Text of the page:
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New Zealand seeks to change gay blood-donor rules

NZ Blood Service accepts recommendation to reduce waiting period to one year

The New Zealand Blood Service (NZBS) has accepted a recommendation to reduce the time HIV-negative gay and bisexual men must wait to give blood to one year after having unprotected sex. Credit: Wiki Commons

The New Zealand Blood Service (NZBS) has accepted a recommendation to reduce the time HIV-negative gay and bisexual men must wait to give blood to one year after they were last sexually active, Radio New Zealand reports.

Currently, gay men are prohibited from donating blood for five years after they have been sexually active. Final approval of the proposed change, which would cover sex workers and people from countries with high rates of HIV, could occur by the end of the year.

“In considering changing the deferral for MSM to 12 months we have taken particular account of advances in donation testing and handling, such that errors have now been virtually eliminated from the system; new modelling studies that have identified the current risk of HIV in advanced Blood Services as almost  entirely (95 percent) from window period infections; the reported experience of Australia which has had a 12-month deferral for more than 10 years and no identified transmissions of HIV or other relevant TTIs (transfusion-transmissible infections) and indications of no worse compliance; and the apparent high compliance with current deferral criteria in New Zealand,” the report to the NZBS states.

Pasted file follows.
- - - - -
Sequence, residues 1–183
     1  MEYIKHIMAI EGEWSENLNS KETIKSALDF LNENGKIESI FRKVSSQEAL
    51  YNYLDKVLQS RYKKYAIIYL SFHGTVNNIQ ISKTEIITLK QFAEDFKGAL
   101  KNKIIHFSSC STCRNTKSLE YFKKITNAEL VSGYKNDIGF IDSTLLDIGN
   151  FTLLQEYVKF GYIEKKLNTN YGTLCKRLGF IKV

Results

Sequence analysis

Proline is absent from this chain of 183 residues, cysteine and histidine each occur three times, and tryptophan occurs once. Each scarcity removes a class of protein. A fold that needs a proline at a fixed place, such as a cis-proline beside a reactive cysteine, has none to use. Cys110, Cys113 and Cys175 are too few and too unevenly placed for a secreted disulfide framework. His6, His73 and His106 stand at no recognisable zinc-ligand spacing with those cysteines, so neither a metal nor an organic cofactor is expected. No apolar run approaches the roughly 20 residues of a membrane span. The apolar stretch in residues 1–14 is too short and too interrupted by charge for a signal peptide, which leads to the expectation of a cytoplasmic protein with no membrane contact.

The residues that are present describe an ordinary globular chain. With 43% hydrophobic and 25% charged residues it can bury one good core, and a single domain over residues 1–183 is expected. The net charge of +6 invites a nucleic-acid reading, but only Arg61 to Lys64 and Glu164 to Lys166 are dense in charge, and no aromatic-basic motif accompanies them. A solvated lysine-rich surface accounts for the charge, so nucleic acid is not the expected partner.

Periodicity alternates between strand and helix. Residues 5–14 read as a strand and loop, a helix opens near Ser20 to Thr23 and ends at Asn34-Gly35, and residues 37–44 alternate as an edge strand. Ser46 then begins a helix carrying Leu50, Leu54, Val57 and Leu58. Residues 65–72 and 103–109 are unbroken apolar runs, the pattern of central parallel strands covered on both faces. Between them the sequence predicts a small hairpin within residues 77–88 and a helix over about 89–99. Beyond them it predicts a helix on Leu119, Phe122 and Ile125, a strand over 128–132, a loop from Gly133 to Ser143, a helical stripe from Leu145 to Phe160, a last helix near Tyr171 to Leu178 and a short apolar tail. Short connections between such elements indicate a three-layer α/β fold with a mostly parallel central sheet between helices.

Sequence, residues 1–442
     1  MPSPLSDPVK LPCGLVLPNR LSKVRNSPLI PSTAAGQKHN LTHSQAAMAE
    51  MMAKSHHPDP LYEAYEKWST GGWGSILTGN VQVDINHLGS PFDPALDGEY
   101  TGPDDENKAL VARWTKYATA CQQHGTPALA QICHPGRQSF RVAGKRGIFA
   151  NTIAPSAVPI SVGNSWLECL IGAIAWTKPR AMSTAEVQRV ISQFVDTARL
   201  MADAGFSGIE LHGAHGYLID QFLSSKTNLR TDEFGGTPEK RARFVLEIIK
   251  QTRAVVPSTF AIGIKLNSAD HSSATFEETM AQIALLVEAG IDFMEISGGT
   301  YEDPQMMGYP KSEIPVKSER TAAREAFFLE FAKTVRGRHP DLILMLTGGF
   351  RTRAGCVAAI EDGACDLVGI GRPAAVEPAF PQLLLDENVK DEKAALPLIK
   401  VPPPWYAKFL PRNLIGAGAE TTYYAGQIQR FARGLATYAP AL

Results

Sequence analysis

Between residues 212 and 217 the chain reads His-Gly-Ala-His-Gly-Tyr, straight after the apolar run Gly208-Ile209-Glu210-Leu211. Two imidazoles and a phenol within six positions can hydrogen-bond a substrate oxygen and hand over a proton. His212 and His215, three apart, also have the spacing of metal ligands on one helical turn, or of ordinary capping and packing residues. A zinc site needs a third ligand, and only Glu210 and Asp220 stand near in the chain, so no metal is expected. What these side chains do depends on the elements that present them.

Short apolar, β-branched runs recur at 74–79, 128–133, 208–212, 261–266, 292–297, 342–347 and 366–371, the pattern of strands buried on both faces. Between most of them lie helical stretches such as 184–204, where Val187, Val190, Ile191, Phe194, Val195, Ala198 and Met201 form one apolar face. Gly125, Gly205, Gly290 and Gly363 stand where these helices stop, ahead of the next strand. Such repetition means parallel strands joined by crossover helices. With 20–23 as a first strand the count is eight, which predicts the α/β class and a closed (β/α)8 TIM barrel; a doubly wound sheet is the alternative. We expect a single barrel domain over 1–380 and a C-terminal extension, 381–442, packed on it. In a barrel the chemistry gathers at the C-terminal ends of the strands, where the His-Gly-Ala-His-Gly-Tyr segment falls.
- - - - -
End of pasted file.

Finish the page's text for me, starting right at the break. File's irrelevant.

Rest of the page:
NZBS medical director Dr Peter Flanagan says a deferral period is still necessary even as detection methods have improved. “In the very early stages the virus may be present in the donation and it may not be detected by our test,” Radio New Zealand quotes Flanagan as saying. “Because of that, our most effective approach to assure ongoing safety is to combine that testing with specific deferrals of individuals who are at higher risk of acquiring the infection.” 

The Rainbow Wellington advocacy group, however, feels the proposed change does not go far enough, saying it prefers a system where people can be assessed for risk on a case-by-case basis instead of a shortened waiting period.

Health Canada announced a long-awaited policy change last year, ending the lifetime ban on men who have had sex with men even once since 1977 and replacing it with a ban on donations from men who have had sex with another man in the last five years. 

England, Scotland and Wales have a one-year deferral period, while South Africa has a six-month waiting time in place.

While the US, France and Northern Ireland still retain lifetime bans, others including Mexico, Chile, Uruguay, Italy, Poland, Spain and Thailand do not have bans on blood donations by gay men.